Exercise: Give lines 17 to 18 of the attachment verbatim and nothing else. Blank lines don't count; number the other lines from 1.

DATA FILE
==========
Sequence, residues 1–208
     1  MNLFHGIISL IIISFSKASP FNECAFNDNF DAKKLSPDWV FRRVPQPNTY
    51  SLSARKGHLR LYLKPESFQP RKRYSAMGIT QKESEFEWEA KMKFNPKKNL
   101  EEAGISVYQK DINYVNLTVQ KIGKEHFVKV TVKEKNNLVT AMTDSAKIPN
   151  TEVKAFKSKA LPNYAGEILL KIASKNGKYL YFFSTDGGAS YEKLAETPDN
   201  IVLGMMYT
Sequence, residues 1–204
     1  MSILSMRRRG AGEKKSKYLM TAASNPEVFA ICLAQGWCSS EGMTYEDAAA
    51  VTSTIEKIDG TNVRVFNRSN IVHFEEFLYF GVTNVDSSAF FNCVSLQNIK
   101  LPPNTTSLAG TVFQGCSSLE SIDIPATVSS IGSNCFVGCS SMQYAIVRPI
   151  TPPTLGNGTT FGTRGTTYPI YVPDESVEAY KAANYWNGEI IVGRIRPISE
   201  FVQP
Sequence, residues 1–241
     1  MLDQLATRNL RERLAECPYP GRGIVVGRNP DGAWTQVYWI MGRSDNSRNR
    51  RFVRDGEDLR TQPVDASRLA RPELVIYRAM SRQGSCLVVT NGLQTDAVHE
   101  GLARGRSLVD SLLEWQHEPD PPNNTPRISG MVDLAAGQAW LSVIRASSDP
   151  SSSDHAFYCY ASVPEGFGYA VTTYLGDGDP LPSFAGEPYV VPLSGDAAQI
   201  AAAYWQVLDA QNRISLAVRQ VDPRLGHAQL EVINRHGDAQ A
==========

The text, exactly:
   151  SSSDHAFYCY ASVPEGFGYA VTTYLGDGDP LPSFAGEPYV VPLSGDAAQI
   201  AAAYWQVLDA QNRISLAVRQ VDPRLGHAQL EVINRHGDAQ A